Fig. 12. Designed ground resistance versus the total length of grid conductors at the 161/23.9-kV Hsienhsi substation.

Moreover, the ground resistances of the two-layer soil model are listed in Table III. As seen from Table III, using the one-layer simplied model of the empirical equations has less error than the other two methods. Under the design parameters, the minimum touch voltages of Hsienhsi, Luhsi, and Luichung substations are 508, 508, and 509 V for a 50-kg person, respectively. Moreover, the minimum touch voltages of Hsienhsi, Luhsi, and Luichung substations are 687, 687, and 689 V for a 70-kg person, respectively. As seen from Table III, the GPRs obtained by the two-layer soil model are all smaller than the tolerable touch voltages for a 50- and 70-kg person. However, the GPRs of 636.2 V at Hsienhsi and 529.5 V at Lushi obatined by the Schwarzs equation of the one-layer soil model are greater than the tolerable touch voltage for a 50-kg person as well as the GPR of 1476.0 V at Luichung is greater than the tolerable touch voltage for a 50- and 70-kg person. Nevertheless, the grounding design for all three substations is considered to be safe based on the results obtained from the two-layer soil model. Since the lower-layer soil resistivity at three substations is smaller than the upper-layer soil resistivity, it can use (5) to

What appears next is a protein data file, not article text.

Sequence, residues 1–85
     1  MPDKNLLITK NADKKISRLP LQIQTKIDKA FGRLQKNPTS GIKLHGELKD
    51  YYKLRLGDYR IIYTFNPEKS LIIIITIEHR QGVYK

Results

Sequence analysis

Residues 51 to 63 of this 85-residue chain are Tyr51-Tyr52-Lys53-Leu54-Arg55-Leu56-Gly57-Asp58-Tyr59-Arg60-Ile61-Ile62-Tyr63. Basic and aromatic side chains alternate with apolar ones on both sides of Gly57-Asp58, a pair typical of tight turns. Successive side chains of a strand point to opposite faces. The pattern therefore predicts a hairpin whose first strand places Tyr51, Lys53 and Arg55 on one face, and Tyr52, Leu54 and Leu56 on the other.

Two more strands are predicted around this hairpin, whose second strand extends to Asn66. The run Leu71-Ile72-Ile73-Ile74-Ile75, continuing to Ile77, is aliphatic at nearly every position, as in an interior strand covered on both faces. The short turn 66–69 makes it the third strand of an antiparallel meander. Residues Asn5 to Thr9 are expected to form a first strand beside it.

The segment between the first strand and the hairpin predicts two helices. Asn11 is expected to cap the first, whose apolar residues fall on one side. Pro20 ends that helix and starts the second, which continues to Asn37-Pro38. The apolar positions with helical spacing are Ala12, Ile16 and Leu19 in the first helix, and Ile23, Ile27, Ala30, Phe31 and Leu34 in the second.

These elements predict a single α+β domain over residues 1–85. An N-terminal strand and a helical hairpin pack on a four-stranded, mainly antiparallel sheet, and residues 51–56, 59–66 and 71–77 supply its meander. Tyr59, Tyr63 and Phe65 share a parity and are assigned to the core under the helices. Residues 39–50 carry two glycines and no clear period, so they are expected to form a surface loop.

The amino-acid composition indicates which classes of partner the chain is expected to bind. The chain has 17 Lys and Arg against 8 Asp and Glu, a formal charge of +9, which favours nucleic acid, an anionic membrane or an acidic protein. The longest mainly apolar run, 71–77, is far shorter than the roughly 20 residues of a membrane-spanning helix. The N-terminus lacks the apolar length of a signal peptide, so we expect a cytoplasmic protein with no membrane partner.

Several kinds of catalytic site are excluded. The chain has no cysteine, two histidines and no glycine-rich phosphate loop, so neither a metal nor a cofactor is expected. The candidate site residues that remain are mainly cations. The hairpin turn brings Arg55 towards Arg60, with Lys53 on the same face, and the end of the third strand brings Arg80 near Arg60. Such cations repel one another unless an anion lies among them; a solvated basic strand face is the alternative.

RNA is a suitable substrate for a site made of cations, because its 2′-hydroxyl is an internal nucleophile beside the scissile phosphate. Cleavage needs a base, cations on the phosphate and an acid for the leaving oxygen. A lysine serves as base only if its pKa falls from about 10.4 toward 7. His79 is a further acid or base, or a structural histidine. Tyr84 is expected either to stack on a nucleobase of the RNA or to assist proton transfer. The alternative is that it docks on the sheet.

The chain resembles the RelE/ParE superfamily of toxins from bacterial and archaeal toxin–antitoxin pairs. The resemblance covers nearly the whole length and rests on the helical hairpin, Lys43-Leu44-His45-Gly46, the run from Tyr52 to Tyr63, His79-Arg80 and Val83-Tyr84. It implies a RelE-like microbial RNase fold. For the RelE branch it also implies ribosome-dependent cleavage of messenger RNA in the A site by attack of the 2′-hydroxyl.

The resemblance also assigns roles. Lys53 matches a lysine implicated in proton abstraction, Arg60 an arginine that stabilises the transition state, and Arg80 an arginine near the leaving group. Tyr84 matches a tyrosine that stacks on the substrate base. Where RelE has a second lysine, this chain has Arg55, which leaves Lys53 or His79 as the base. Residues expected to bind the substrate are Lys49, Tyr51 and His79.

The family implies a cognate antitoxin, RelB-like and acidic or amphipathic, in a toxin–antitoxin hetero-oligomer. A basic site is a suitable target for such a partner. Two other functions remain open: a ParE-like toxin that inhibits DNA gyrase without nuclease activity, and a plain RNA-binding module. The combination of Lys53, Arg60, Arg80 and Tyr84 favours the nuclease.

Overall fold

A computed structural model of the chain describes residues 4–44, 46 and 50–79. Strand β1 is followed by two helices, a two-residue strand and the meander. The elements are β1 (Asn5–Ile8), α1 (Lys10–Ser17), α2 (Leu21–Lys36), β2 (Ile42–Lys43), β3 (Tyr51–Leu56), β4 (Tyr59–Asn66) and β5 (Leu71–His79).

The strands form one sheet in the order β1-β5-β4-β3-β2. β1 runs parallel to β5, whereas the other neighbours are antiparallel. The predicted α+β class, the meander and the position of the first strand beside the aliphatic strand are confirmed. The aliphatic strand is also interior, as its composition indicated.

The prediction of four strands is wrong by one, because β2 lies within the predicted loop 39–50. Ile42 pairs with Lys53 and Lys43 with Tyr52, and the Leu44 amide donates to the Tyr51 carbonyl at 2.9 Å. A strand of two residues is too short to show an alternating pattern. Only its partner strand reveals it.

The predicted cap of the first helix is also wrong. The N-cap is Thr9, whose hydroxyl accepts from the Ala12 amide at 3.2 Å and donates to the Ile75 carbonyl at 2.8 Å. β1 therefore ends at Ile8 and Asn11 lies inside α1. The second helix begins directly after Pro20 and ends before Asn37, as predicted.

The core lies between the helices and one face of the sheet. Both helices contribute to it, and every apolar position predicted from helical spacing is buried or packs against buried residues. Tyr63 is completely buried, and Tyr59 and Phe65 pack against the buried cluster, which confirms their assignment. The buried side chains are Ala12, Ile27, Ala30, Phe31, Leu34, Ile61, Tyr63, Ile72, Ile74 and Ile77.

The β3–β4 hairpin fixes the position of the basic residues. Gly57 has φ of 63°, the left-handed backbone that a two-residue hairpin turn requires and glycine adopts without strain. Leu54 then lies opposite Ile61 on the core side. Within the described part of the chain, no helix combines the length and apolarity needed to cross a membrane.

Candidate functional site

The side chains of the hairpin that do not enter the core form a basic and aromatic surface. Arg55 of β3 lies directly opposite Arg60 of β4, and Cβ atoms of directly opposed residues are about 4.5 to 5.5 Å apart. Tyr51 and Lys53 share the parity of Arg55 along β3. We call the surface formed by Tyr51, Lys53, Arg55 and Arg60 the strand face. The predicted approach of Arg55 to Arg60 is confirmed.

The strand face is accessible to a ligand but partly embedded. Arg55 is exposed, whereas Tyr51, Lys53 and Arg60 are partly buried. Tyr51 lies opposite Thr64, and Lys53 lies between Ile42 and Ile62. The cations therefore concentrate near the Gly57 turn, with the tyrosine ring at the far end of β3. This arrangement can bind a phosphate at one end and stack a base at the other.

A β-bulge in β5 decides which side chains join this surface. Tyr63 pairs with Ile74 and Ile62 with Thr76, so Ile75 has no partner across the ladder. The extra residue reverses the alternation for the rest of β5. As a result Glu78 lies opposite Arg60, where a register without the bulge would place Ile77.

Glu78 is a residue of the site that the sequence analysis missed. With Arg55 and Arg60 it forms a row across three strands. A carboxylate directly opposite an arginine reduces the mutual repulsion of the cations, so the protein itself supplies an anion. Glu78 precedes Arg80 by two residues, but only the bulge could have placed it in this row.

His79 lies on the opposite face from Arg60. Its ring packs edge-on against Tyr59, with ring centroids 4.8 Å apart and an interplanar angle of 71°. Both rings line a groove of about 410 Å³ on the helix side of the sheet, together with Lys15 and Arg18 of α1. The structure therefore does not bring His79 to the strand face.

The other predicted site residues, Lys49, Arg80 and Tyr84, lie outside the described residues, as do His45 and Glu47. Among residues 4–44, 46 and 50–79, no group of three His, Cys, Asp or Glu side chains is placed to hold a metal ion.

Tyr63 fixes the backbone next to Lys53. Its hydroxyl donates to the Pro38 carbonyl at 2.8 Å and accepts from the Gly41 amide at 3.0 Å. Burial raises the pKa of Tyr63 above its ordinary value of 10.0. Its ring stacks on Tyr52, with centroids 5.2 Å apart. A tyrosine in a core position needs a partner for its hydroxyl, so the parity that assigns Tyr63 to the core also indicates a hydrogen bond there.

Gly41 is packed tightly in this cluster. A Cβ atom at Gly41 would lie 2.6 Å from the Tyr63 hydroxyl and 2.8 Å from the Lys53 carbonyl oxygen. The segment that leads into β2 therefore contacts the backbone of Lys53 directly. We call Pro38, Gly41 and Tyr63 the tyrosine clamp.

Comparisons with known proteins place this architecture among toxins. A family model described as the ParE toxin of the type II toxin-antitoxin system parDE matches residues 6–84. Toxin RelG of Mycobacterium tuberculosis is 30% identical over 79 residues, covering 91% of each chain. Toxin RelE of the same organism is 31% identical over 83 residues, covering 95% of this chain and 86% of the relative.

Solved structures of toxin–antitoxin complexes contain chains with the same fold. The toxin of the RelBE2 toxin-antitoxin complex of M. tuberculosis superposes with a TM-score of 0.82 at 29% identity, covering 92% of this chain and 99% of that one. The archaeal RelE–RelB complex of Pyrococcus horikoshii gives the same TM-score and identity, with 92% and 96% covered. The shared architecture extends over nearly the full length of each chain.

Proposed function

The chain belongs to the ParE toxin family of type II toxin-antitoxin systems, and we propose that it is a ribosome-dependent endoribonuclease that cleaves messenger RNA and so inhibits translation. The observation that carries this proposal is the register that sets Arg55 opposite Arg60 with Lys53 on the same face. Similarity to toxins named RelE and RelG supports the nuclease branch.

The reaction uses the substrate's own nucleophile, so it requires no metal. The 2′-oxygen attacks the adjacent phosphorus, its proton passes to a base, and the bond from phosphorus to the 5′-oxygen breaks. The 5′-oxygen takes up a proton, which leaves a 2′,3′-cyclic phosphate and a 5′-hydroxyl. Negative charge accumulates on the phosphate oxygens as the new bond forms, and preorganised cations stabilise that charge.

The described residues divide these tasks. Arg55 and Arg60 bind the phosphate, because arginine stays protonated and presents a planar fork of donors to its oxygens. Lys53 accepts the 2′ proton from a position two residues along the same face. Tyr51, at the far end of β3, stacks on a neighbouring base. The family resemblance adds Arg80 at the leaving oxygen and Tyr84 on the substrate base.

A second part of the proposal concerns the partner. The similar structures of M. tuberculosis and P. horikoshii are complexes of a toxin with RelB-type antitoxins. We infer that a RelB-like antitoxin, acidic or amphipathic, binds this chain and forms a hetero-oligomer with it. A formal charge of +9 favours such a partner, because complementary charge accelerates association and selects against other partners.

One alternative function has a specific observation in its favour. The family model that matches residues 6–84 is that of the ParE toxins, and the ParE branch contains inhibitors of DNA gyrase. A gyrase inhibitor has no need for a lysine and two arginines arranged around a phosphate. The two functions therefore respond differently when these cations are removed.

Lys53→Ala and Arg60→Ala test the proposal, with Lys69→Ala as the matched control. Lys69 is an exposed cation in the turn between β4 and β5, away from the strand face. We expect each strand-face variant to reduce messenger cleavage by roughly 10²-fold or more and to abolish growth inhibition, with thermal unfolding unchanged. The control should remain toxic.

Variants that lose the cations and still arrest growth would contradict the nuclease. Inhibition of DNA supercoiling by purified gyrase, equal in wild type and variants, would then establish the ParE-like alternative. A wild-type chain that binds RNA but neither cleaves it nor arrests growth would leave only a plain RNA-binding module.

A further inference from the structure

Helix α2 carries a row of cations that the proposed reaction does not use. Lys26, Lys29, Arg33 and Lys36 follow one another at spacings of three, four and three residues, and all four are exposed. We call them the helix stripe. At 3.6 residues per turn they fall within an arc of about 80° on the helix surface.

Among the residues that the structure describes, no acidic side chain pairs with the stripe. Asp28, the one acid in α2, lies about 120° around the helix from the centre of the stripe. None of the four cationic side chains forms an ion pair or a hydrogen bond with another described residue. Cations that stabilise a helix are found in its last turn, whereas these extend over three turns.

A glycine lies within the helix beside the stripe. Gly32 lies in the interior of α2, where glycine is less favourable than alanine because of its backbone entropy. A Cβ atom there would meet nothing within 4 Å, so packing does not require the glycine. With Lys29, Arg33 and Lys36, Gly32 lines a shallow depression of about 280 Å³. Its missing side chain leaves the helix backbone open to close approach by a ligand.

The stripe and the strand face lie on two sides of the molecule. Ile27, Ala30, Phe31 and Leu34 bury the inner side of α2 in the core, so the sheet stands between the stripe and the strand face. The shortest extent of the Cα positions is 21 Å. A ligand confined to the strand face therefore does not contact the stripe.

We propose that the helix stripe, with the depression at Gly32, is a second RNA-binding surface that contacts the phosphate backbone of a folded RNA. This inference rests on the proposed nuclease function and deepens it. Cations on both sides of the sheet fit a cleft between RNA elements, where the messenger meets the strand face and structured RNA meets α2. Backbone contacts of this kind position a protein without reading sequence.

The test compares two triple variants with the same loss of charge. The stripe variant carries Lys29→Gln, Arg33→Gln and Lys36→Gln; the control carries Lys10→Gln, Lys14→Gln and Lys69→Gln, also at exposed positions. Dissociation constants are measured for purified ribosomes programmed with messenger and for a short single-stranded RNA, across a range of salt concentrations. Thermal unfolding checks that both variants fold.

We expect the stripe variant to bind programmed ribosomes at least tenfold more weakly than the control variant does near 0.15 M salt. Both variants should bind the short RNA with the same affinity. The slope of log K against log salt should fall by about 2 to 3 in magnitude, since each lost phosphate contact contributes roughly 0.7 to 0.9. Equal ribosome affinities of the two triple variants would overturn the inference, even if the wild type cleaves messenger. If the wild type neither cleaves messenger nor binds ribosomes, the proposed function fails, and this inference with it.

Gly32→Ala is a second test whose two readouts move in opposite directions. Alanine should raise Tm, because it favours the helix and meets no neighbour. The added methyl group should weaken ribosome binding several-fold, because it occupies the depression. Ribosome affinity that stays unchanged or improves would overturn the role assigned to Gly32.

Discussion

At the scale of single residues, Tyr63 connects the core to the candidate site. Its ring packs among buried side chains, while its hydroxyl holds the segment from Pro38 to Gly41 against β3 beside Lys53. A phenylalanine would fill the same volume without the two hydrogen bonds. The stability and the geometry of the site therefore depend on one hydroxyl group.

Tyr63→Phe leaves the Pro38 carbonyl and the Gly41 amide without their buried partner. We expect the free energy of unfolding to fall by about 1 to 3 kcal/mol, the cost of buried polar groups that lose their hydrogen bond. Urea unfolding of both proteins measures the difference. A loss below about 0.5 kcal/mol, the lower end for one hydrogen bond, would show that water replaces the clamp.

! " # $ % & ' ( ) % * ' + , ' ( , ' ) % % ! ' ( ! # . / 0 ! % # + 0 ) 1 " ' + 2 3 + 2 4 + % 5 ' $ , % ! 6 7 8 # 9 + ) # 0 ( ' ( # + : * ! # ; ' $